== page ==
Some state insurance regulators have already started posting significant numbers of 2016 major medical insurance rate filings.
Not Vermont. That state’s Green Mountain Care Board was one of the rate-posting speed demons for 2014 and 2015. The agency has a rate review blog entry URL that promises “rates_coming_April.” But the agency now says in the text on that page that it anticipates getting the rate filings on May 15 and posting the filings within five days of receiving them.
The Connecticut Insurance Department has published a collection of individual and small-group 2016 rate filings, both for exchange and off-exchange business. Proposed average changes range from an average decrease of 7.15 percent for Anthem on-exchange small-group plans to an increase of 33 percent for off-exchange individual plans sold by a unit of UnitedHealth Group Inc. (NYSE:UNH).
The Oregon Insurance Division has posted a collected of 2016 rate filings with average proposed changes ranging from a decrease of 1.95 percent for Kaiser Foundation Health Plan of the Northwest individual plans, to be sold on and off the exchange, to a 52 percent increase proposed by a company that apparently is leaving the market.
Some carriers have made a point of saying they have little interest in the off-exchange market, and would like to be rid of the “transitional” coverage written before the major Patient Protection and Affordable Care Act (PPACA) product rules took effect, in January 2014, as quickly as possible.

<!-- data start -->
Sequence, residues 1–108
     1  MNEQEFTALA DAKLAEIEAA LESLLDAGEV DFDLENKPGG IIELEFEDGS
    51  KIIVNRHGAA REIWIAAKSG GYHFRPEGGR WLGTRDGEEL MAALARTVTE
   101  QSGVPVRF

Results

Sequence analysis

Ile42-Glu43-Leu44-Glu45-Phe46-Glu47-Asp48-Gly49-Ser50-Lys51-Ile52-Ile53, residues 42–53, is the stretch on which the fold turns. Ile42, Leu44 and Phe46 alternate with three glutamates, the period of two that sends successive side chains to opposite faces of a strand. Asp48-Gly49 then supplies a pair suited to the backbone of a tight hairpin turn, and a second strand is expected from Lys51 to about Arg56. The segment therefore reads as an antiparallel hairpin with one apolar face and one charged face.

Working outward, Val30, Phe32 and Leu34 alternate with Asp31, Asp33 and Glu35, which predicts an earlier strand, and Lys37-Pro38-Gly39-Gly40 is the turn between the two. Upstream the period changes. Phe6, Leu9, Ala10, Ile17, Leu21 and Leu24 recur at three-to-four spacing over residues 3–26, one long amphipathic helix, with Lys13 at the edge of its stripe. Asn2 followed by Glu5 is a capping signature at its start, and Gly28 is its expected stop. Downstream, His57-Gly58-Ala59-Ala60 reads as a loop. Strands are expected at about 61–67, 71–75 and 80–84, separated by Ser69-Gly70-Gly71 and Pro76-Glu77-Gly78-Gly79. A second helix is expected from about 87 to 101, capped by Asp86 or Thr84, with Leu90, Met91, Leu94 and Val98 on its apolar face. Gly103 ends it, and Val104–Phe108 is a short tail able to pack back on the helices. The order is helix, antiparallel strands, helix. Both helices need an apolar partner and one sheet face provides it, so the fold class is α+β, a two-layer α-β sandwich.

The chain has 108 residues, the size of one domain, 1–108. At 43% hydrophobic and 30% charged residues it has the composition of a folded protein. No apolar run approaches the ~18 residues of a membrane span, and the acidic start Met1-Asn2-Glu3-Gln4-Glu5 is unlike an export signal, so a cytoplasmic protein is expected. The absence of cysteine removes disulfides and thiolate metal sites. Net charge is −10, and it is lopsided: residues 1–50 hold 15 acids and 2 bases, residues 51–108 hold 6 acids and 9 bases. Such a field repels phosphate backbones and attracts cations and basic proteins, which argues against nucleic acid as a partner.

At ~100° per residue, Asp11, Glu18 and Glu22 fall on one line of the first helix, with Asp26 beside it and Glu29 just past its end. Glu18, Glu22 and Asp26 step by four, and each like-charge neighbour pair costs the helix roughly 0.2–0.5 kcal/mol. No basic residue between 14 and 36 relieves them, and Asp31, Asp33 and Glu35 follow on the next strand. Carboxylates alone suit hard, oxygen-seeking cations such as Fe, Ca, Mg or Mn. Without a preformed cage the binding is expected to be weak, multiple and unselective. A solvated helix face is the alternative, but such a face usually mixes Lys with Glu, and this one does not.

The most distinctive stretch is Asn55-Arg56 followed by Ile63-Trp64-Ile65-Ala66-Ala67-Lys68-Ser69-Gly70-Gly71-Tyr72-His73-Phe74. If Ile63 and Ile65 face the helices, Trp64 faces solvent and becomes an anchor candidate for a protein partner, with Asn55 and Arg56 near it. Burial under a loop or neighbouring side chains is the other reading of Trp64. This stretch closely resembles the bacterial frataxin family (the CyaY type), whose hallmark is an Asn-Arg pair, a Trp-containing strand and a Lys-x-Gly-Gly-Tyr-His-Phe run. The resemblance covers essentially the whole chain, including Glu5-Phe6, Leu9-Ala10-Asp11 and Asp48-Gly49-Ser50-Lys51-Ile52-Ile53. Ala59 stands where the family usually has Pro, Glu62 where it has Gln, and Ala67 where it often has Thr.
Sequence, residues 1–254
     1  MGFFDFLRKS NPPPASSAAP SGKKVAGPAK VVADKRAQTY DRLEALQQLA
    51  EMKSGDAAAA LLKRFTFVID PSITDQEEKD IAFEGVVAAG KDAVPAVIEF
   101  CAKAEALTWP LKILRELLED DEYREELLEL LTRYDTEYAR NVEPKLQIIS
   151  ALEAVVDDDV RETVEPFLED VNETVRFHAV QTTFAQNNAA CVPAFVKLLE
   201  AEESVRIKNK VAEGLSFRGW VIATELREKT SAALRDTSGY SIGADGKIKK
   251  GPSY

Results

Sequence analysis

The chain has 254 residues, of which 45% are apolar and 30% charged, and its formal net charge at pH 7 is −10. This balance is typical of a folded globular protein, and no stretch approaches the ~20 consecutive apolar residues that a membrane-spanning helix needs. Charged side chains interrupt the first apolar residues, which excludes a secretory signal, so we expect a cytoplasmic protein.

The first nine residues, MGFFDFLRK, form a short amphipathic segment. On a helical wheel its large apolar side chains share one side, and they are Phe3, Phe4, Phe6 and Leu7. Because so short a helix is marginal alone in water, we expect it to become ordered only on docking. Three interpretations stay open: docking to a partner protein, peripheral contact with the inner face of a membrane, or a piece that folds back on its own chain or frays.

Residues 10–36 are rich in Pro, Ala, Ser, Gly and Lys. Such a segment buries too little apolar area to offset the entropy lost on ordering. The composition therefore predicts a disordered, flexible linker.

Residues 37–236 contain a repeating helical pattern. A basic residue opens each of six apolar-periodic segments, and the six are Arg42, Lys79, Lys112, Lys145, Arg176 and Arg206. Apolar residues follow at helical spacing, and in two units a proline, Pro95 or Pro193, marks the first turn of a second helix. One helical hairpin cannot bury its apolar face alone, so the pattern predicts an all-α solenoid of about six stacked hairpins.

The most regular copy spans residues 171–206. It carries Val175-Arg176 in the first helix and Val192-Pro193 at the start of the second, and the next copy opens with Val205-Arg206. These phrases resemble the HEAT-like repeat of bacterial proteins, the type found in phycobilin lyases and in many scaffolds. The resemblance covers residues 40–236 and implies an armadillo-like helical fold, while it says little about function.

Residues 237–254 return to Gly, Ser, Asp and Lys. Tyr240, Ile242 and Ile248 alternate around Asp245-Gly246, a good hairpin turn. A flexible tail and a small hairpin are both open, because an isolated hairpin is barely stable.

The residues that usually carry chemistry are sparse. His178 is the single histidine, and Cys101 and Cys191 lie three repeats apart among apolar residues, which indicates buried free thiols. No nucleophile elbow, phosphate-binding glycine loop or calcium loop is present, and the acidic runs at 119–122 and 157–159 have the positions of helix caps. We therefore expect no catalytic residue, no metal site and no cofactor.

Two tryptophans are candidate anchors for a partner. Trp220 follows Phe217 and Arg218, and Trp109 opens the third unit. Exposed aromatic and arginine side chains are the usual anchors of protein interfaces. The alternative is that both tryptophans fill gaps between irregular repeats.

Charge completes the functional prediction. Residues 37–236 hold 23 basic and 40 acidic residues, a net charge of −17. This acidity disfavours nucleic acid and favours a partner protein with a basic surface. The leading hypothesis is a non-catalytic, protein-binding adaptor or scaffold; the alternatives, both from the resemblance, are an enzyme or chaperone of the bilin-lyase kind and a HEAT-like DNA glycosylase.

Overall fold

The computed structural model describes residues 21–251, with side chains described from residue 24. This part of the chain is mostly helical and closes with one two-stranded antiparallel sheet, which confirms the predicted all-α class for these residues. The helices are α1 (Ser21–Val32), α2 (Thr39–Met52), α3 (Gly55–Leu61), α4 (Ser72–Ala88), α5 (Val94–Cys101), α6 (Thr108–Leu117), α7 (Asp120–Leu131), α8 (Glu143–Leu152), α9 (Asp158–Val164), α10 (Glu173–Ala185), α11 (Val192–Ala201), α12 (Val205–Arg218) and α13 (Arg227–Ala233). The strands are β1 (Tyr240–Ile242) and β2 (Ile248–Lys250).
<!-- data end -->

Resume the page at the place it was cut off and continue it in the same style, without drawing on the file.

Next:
We focused on searching for clues about 2016 in individual, on-exchange filings.
For some of the interesting bits we found, read on.
1. For at least some carriers, claims were much higher than expected.
Drafters of PPACA created a new group of nonprofit, member-owned plans, the Consumer Operated and Oriented Plan (CO-OP) carriers, in an effort to boost competition. They also created risk-management programs that were designed to encourage the CO-OPs and other insurers to focus on taking high-risk enrollees, then do a good job of holding down those enrollees’ claims.
In the real world, one of the PPACA risk-management programs, a risk corridors underwriting margin protection program, appears to be missing in action, and claims have been much higher than the CO-OPs expected.
In many cases, those CO-OPs and others annoyed bigger carriers by winning market share on the exchange system with rock-bottom prices.